The secret to becoming a best company to work for
It's not just kegerators and dog-friendly offices, there's got to be some heart in it
(Editor's note: This is the last of a five-part series intended to give business leaders, founders and executives greater insight into building a great workplace.)
Receiving recognition as a top workplace requires intentionality from every corner of the company.
It's worth noting that most "Best Companies to Work For," lists are based on employee feedback. It can be easy to get bogged down by the perks – gym memberships, kegarators in the company kitchen, mini badminton tournaments – but there has to be a genuinely exceptional corporate culture to back that up.
Amy Bachelder Bayer, Lane Hornung and Andrew Graham have different approaches to steering and building companies; but all of their leadership philosophies tap into strong human needs and serve as building blocks for engagement and peak performance, including:
- To build (or be part of) an idea that is bigger than ourselves
- To experience being part of a community in which you are valued and respected
- To have a say in how the work is fulfilled and the future you have
- To grow as an individual, expand skills and competence
A list of external perks and benefits (on its own) doesn't meet these essentials. To put it another way, they may be the reason a employee joins the team, but rarely are perks attributed to why someone stays.
When your company meets your needs, without any ask on your part, you will have fans both inside and outside the company. Oh, and you have a walking advertisement for talent acquisition.
Leslie Resnick of 8z Real Estate serves as a case study for this kind of people-centered company design. Leslie is a third generation Coloradan who became a licensed Realtor in 1992 and later joined 8z in 2010. Ask her what makes 8z an exceptional work environment and she can easily read off a list, including: ethics, transparency, her team, the challenge to grow personally and professional and the ability to positively impact the community.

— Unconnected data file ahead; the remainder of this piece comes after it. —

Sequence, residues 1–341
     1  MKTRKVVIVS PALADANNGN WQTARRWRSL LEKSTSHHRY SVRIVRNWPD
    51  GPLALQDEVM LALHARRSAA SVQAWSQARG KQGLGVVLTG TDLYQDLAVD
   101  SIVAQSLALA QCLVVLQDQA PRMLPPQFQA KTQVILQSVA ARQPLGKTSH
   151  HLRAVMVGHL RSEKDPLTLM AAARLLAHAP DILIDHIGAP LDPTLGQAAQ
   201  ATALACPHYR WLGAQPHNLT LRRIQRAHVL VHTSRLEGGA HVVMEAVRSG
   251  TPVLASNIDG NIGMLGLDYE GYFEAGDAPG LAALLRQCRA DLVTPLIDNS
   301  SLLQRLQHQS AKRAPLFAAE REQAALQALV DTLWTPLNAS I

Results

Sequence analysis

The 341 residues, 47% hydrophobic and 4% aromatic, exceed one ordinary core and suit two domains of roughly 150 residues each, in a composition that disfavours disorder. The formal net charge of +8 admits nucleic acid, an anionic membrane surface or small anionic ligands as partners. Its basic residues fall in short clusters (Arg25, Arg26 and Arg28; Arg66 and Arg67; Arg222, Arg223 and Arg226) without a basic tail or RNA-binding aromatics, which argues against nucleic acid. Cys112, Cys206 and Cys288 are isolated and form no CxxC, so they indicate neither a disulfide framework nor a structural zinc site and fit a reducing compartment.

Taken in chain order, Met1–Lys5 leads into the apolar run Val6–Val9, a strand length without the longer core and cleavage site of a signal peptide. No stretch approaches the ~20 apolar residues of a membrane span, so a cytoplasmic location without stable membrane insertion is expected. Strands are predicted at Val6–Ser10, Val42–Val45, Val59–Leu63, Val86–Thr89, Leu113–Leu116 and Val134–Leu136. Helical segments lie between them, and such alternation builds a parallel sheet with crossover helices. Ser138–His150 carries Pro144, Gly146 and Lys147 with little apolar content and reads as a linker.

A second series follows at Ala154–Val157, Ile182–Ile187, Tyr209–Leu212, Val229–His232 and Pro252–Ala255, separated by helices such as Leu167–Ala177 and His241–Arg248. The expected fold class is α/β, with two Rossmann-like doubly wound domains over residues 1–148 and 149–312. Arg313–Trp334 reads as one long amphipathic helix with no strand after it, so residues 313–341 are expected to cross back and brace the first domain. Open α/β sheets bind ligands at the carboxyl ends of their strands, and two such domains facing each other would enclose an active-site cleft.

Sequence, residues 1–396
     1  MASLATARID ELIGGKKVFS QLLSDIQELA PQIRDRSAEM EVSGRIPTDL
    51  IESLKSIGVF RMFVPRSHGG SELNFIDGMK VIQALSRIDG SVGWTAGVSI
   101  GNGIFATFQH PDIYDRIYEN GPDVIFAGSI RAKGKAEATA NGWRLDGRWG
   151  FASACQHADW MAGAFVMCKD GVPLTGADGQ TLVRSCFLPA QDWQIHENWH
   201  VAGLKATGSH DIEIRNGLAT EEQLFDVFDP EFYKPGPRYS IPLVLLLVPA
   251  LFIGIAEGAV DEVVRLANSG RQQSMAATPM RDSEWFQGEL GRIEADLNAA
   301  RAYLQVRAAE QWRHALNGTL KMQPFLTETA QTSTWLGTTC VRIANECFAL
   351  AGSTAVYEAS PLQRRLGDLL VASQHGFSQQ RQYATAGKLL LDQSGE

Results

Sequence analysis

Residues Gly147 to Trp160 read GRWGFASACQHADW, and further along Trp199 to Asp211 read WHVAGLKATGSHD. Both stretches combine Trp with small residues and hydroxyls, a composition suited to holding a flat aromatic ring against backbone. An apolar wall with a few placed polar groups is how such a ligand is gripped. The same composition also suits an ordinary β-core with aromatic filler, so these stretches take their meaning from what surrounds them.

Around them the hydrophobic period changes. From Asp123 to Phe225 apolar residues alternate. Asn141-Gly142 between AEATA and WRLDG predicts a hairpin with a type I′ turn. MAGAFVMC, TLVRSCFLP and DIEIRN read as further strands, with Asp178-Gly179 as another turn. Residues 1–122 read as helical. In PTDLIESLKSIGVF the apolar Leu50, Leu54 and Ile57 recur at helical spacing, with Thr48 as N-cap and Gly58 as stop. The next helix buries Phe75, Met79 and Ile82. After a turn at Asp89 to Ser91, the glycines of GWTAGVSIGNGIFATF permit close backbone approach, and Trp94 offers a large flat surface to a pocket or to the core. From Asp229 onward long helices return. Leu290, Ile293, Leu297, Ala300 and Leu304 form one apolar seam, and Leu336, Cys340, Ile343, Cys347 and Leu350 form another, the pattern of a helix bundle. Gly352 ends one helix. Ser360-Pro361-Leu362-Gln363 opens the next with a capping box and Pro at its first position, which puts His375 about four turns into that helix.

When she's not working, Resnick is an elite cyclist, a time-intensive activity her team supports her in, 100 percent.
Marketing and promotional spend cannot equate to an honest rave review about an employees' work environment. And it's a natural byproduct of being committed to building a great place to work, day in and day out.
Trying to shortcut or copy what other leaders and companies do won't work either.
Listening, learning from others and doing substantial research is useful to clarify your beliefs and values and then execute.
However, to paraphrase Graham –
– from your values and beliefs.
It may be as simple as creating an environment built on respect – of people, of product, of processes, of the planet.
Trust yourself. If something doesn't work for your team, change it or eliminate it.
You can also start with a big purpose and build a framework around it, as Hornung did.
How do you pick a purpose, you might ask?
Purpose probably already haunts you. As Hornung says, a purpose: "Drives you…"
You're in it to win it. But it's not all about the title or the honors. The demands and distractions of today could negatively impact your company's future.
Ask yourself: Is your future worth your investment in thinking of how to do business better?